‘Phoenix’ Nasturtiums

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Nasturtiums have been grown in gardens for centuries in Europe and America.  The first species known in Europe was collected from Peru.  It was grown by Gerard and is illustrated in his Herball dated 1596; modern botanists call it Tropaeolum minus.  He named the species Nasturtum indicum and his illustration showed a plant wound about a stake.  The plants he grew had yellow flowers.  He mentions that some people of his time thought nasturtiums to be a form of bindweed, which means they had a somewhat vining habit.  Gerard writes “…one plant doth occupie a great circuit of ground, as doth the great Bindeweede.”   In Gerard’s time nasturtiums were considered a warm season vegetable, with the virtues of the various kinds of cress.  In most literature on nasturtiums, T. minus is described as growing only 12 inches to 18 inches high and across, while T. majus is said to reach six feet wide.

Tropaeolum majus arrived in England sometime in the 1600s.  It was likely to have been used for its flowers rather than as a vegetable.  T. majus grows into a larger plant than T. minus and has a distinctly vining habit.  Hybrids with the two above species and T. lobbianum extended the color range and variety available over the centuries.  Once there were several dwarf  “Tom Thumb” varieties, but they seem to have disappeared.  The oldest varietal seed strain I could find is ‘Empress of India’ dating to 1889.

This year I grew a rare surviving seed strain of nasturtiums from the 1890s named ‘Phoenix’.  Its flowers are illustrated in the first photo above. This strain produces a mix of bloom colors in beautiful warm shades splashed with darker colors as in T. minus.  The flowers have beautiful serrated edges.  The catalog I purchased seeds from listed ‘Phoenix’ as an example of T. minus, but I believe it to be a hybrid between species, for its plants are very large.  This heirloom variety is open-pollinated.  In third photo above I show newly planted ‘Phoenix’ nasturtiums, as a border on the left square bed.  In the fourth photo I show how large the plants are now, October 25th.  Some runners from the plants reached six or seven feet.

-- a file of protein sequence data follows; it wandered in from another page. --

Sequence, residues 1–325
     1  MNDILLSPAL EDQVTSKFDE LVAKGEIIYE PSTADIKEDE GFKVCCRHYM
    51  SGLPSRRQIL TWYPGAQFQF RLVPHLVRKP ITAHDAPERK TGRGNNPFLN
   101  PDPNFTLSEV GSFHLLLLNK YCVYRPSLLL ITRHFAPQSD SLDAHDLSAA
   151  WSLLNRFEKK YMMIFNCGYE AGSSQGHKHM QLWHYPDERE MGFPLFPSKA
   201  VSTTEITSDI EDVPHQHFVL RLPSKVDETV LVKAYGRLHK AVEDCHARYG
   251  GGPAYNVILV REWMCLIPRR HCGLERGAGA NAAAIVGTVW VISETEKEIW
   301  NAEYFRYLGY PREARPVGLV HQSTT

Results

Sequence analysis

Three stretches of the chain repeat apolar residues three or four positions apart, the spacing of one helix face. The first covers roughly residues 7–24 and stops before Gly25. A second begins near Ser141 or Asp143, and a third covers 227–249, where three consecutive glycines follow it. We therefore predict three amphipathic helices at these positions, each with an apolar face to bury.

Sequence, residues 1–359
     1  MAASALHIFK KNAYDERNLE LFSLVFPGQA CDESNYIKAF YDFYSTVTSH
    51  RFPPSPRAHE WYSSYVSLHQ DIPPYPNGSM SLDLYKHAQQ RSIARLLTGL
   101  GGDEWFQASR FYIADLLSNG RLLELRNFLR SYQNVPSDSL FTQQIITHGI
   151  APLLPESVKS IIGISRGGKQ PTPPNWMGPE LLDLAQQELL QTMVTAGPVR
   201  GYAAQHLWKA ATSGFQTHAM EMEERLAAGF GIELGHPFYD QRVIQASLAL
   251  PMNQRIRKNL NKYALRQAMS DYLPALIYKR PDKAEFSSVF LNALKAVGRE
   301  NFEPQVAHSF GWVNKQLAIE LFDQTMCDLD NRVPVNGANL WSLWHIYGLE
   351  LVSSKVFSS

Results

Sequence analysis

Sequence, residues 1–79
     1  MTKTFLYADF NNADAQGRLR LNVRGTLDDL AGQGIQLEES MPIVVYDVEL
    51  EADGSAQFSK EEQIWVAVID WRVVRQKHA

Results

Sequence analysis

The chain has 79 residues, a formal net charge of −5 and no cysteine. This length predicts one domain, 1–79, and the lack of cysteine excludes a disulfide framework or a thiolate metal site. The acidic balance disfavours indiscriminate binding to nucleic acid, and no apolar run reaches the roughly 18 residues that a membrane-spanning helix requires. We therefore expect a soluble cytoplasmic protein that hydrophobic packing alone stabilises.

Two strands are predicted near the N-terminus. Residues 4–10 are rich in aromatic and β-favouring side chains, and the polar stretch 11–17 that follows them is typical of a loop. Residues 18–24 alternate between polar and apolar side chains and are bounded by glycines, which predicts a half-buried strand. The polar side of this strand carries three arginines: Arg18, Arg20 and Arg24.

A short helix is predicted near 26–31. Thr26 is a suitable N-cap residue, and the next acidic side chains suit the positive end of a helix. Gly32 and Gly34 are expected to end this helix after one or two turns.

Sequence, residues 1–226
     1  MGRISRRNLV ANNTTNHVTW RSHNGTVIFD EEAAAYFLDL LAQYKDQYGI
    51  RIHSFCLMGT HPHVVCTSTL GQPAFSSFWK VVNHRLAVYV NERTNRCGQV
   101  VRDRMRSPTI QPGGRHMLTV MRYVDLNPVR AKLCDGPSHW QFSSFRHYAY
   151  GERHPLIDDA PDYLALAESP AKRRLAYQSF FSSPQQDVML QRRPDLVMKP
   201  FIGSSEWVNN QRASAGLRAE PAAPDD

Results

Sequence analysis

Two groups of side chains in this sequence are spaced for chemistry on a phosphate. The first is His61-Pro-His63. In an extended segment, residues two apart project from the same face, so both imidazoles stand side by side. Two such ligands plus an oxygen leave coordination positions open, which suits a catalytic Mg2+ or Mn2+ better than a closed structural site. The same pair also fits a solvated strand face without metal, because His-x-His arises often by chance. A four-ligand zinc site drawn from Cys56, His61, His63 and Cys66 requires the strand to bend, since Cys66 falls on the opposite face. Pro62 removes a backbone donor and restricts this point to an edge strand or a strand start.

I recommend trying ‘Phoenix’ nasturtiums and also suggest you save seeds, for the variety is very rare.  Also, be sure to give the plants a lot of room; perhaps three to four feet in all directions.  Hanging baskets made with these and antique blue Lobelia erinus ‘Crystal Palace’ from 1867, might be quite beautiful.

 

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Balsam, An Heirloom Annual

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Impatiens balsamina, a flowering annual, has been grown in gardens for many centuries.  It is native to India, China, and Malaysia and reached Europe as early as 1542.  The woodcut directly above is taken from Gerard’s Herball of 1596.  It is a good representation of the seed pods which appear on the plants as the end of their season.  Above the woodcut, I have included a photo of the seed pods from my own garden.  Early gardeners and botanists thought balsam was related to cucumbers because of the similar seed pods.  Gerard lists at least eight names by which the plant was known in his day and that is an indication it probably was widely known and grown.

The first mention of balsam in America is from 1760 by J. Townley in The Boston Evening Post, March 31 of that year.  In the early eighteenth century only single-flowered varieties of balsam were available.  Double forms appeared in 1768 as mentioned by Philip Miller in his Gardener’s Dictionary.  His seed came from the East Indies.  The color range available increased and balsam was a popular garden plant.

I grew an antique Victorian seed mix this season dating to 1863 named “Camellia flowered”.  The flowers are large and mostly double, with a wide color range (the first three photos above show several different colors).  The individual flowers are beautiful and really look like miniature camellias.  This seed strain was very popular in the nineteenth century.

Balsam is a heat-loving annual and enjoys warm summers.  Early gardeners started seeds in hotbeds in frames made with fresh manure.  As the manure aged and composted it heated, thereby providing a warm environment for the young plants.  The plants were then set out into the garden after all danger of frost had passed.  Today, we can start balsam indoors in warm conditions in a greenhouse or under lights at about 77 degrees.  After the seedlings are large enough to transplant, it is best to put them into individual pots as they grow fast.  Balsam enjoys regular water in pots and in the garden, so cannot be considered drought tolerant.  The plants seem to like about as much water and similar temperatures as do tomatoes.

Here in Oregon we had the hottest summer on record and my balsam plants did very well.  I grew them in Montana in the 1980s, but the cool nights, short season and dry air really shortened their bloom season.  Though related to the commonly grown impatiens, balsam grows best in full sun.  I definitely recommend trying balsam in your garden, for they are not often seen today.